Paul Peucker is archivist/director at the Moravian Archives. He lives in Bethlehem, Pennsylvania, and has been a member since 2008.
By Ethan Ehrenhaft
In 2009, archaeologists uncovered a small copper medallion in a pit at Fort Shirley, Pennsylvania. Dated to the early 1750s, the trinket may have gone unnoticed were it not for the single phrase in Arabic emblazoned on its surface: “No god but Allah.” Its owner was most likely an enslaved person in the service of trader George Croghan. The Fort Shirley medallion has become part of a rare yet influential assortment of artifacts connected to the lives of enslaved Muslims in the United States.
Mark Sedgwick is a professor at Aarhus University, Denmark. He lives in Aarhus and has been a member since 1997.
From choosing a graduate school to selecting a dissertation topic, a history PhD is full of avenues not explored. Not all research, for instance, makes it into the final dissertation draft. It’s one thing to discard a source that just doesn’t fit. But what about a trove of sources that have the potential to alter the direction of a project entirely?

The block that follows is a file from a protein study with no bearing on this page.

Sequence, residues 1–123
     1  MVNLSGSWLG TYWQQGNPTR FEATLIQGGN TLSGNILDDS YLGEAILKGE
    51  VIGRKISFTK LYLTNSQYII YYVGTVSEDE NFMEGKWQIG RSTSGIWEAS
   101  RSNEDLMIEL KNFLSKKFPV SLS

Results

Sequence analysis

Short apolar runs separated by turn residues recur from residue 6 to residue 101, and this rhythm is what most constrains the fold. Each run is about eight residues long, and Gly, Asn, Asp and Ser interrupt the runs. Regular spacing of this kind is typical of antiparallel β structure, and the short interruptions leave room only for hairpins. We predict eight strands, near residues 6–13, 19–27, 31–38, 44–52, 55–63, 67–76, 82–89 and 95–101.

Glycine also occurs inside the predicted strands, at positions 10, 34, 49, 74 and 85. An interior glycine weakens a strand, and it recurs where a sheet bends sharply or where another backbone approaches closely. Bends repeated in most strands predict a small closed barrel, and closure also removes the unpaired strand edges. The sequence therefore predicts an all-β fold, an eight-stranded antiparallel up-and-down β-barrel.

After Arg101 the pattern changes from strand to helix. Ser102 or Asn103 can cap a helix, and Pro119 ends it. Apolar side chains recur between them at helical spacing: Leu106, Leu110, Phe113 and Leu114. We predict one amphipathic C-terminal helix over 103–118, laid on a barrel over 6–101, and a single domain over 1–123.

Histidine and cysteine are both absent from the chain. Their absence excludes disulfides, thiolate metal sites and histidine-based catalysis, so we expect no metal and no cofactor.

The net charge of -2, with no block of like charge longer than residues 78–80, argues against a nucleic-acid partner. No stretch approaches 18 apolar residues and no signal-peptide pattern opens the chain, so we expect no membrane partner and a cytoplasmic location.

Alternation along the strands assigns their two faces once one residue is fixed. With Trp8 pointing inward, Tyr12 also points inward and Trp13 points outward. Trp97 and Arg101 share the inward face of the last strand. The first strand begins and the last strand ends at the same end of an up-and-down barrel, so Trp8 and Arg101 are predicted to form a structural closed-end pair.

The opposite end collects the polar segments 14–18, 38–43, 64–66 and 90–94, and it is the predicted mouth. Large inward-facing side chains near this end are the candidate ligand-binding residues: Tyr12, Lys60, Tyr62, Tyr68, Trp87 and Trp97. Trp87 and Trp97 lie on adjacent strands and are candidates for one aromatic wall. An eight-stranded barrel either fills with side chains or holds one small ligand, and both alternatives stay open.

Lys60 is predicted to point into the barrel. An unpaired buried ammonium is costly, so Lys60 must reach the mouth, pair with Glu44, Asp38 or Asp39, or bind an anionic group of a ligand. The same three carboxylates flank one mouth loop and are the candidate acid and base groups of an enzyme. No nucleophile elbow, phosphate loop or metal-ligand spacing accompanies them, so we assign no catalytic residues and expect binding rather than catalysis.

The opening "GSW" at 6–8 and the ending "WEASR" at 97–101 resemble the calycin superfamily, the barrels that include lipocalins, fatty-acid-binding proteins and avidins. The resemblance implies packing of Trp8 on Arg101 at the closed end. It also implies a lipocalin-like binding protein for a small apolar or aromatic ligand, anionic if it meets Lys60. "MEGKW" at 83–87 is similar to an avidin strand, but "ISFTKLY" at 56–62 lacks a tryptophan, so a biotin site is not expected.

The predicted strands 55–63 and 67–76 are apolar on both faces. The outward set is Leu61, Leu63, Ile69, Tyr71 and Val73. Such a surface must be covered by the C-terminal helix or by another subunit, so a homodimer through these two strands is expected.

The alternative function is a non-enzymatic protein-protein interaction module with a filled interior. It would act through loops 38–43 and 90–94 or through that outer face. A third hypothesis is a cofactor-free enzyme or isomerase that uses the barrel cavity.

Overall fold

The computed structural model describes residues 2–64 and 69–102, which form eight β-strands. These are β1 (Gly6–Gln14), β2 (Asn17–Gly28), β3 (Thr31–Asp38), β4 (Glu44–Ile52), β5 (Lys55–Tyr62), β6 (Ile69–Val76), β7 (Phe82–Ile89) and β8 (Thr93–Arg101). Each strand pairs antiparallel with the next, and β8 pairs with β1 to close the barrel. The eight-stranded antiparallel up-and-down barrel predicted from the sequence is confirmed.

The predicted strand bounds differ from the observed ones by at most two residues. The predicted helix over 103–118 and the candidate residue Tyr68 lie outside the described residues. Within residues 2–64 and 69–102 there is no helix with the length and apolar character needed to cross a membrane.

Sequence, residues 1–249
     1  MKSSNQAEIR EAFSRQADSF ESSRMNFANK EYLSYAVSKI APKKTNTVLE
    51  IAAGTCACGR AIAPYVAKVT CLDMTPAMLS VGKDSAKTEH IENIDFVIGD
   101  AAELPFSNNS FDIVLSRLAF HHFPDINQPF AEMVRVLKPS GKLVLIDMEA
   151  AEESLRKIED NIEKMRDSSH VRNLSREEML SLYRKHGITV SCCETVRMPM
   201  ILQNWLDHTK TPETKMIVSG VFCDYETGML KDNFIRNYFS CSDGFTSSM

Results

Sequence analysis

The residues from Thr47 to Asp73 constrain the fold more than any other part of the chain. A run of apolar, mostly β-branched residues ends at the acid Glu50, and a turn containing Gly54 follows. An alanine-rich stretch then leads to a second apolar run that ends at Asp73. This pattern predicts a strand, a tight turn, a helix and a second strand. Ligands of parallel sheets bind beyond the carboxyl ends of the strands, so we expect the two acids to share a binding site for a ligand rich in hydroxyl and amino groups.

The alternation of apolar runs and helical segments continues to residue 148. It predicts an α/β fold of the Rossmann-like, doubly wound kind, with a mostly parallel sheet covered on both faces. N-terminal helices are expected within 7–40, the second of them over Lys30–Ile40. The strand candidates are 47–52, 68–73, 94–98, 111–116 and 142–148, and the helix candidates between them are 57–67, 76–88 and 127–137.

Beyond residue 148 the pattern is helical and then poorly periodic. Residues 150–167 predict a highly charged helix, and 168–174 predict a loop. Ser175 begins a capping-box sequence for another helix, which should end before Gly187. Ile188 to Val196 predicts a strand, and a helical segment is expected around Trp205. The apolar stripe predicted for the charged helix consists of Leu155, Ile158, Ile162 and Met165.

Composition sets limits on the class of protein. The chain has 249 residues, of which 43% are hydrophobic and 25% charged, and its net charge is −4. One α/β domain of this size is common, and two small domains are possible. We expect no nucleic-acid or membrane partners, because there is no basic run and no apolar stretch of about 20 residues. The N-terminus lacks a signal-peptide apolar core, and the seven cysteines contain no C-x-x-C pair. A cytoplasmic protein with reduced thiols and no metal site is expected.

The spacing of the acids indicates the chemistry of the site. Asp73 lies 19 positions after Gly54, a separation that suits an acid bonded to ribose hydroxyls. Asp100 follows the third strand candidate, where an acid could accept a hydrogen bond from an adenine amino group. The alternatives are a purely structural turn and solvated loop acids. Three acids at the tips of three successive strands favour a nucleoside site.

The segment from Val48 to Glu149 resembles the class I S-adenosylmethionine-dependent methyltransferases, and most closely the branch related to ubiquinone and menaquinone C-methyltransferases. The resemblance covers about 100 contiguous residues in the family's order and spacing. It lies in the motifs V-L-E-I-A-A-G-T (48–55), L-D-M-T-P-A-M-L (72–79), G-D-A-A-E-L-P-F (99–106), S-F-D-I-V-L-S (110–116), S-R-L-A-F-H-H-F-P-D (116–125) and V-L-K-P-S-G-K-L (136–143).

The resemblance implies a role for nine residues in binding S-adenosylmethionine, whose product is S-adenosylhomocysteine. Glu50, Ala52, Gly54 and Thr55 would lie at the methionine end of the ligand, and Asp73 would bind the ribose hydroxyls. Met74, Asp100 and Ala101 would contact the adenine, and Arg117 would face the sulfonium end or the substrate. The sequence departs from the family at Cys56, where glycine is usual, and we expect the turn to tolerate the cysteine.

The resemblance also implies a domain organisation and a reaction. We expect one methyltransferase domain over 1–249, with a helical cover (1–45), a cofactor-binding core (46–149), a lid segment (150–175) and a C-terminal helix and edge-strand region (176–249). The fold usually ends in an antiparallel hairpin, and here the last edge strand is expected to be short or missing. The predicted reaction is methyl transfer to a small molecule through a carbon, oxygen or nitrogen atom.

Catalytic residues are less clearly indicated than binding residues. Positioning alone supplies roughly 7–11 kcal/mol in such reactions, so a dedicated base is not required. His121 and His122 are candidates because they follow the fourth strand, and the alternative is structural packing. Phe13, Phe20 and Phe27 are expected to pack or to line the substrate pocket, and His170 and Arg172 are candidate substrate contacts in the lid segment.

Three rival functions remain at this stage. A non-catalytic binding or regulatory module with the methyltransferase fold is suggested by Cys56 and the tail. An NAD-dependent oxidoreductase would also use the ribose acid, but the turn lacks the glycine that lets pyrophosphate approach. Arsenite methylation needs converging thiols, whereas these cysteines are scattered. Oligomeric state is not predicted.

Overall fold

Usha Sanyal is an independent scholar and adjunct instructor at Queens University of Charlotte. She lives in Charlotte, North Carolina, and has been a member since 2010.
Sarah Walsh is a postdoctoral research associate at the University of Sydney. She lives in Sydney, New South Wales, Australia, and has been a member since 2012.
Mou Banerjee is a PhD candidate in modern South Asian history at Harvard University. She lives in Cambridge, Massachusetts, and has been a member since 2013.
Lilian Calles Barger is an independent scholar. She lives in Taos, New Mexico, and has been a member since 2008.